During the Japanese Occupation, the Japanese troops built a Syonan-to Shinto shrine (Syonan-to was the Occupation name for Singapore), similar to the National Shinto in Japan but of a smaller size, at Bukit Timah Hill. Two war memorials dedicated to the Japanese war dead and surprisingly, to the deceased British troops who died defending Singapore, were built at the site. Students, Japanese commanders, British POWs' representatives would gather there regularly to commemorate the dead during the Occupation.

It was only shortly before the Japanese surrender, the Japanese forces hastily destroyed the Shinto Shrine, on fears that returning British forces will demolish it in an bad manner. The present site where the Shinto Shrine existed, lied at a grey area between the Nature Reserve and Singapore Armed Forces restricted area. Several historians have been down at the site, and an episode from then Television Corporation of Singapore (TCS) history documentary show, "Hey Singapore", was on the mysterious Shinto Shrine. Since then, the Singapore Government has erected the place as "Historical Site". No plans have been indicated to restore the site, on speculations of angry responses from the People Republic of China (PRC) and abroad.

The Japanese war dead were brought back to the controversial Yasukuni Shrine, while the remains of the British troops were instituted at the British Commonwealth's Kranji War Memorial in Singapore. Nothing of the Syonan-to Shinto shrine remains, except for the Holy Cleansing Pond and several Japanese stone pavements left at the site.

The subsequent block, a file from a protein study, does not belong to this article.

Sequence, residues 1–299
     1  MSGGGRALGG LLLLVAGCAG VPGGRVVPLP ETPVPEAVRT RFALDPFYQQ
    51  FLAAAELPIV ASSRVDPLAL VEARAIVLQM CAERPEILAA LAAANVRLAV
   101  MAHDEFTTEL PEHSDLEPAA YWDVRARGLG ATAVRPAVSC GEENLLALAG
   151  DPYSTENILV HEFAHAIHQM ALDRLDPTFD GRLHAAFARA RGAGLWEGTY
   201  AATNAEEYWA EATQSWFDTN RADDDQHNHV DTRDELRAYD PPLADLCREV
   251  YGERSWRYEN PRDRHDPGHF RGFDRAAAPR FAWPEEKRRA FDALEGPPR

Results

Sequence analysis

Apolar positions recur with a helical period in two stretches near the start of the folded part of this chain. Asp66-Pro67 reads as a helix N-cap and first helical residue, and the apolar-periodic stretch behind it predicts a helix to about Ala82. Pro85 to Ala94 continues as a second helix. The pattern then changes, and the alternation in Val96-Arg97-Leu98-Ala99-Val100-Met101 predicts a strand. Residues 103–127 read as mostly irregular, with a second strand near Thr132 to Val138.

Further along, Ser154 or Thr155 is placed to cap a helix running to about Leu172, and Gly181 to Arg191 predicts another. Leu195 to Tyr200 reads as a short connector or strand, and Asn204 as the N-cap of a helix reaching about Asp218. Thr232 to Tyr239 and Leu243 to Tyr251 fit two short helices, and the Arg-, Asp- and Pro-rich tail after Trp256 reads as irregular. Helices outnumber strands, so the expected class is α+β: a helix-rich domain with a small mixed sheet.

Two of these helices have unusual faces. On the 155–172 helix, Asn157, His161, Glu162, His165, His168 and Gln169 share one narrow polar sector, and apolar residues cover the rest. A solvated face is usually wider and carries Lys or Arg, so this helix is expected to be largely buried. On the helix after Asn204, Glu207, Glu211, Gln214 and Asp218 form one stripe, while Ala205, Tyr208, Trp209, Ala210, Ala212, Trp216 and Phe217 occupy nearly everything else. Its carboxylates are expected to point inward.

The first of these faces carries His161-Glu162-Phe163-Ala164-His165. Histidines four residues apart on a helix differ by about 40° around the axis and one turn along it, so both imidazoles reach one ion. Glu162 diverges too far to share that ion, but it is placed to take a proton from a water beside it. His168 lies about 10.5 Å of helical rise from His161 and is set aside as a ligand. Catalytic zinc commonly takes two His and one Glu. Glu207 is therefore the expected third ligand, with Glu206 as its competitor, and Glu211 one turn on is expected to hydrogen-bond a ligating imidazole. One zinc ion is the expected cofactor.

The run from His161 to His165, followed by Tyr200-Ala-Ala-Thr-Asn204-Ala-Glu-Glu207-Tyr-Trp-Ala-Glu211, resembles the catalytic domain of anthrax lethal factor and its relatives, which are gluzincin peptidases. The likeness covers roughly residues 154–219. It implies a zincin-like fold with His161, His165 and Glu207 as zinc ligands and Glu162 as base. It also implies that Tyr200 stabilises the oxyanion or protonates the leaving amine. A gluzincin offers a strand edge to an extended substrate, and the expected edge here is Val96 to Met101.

After the Japanese Occupation, the farms and plantations in Bukit Timah gave way to industrial buildings and high-rise flats. In the 1960s and 1970s, Bukit Timah was a major industrial center. Today, these have been replaced with luxury bungalows, terraces and condominiums, making Bukit Timah Singapore's premier residential district.

Highlights[change | change source]

The Bukit Timah area is a particularly prominent location with a high land value. The area of Bukit Timah has an extensive flora and forest compared to the parts of Singapore, and contains Bukit Timah Nature Reserve, which is partially responsible for its high land value. The nature reserve was established in 1883.[1][3]

The Bukit Timah Race Course, a Thoroughbred horse racing facility, was opened in 1933 and operated until 1999.

The nearby area houses many bungalows, traditionally expensive in land-scarce Singapore, as well as high rise condominiums. Many expatriates and well heeled Singaporeans tend to stay in this region. The rise in land prices has led to development of new condominiums. For example, the Copthorne Orchid Hotel in Dunearn Road is being redeveloped into condominiums for sale.[4]

This region was later extended and Upper Bukit Timah (District 21) was formed. The Keretapi Tanah Melayu from Malaysia has a passing loop station here along its rail network from Johor Bahru to Tanjong Pagar.

References[change | change source]

  • Victor R Savage, Brenda S A Yeoh (2003), Toponymics - A Study of Singapore Street Names, Eastern Universities Press, ISBN 981-210-205-1
  • National Heritage Board (2002), Singapore's 100 Historic Places, Archipelago Press, ISBN 981-4068-23-3

Other websites[change | change source]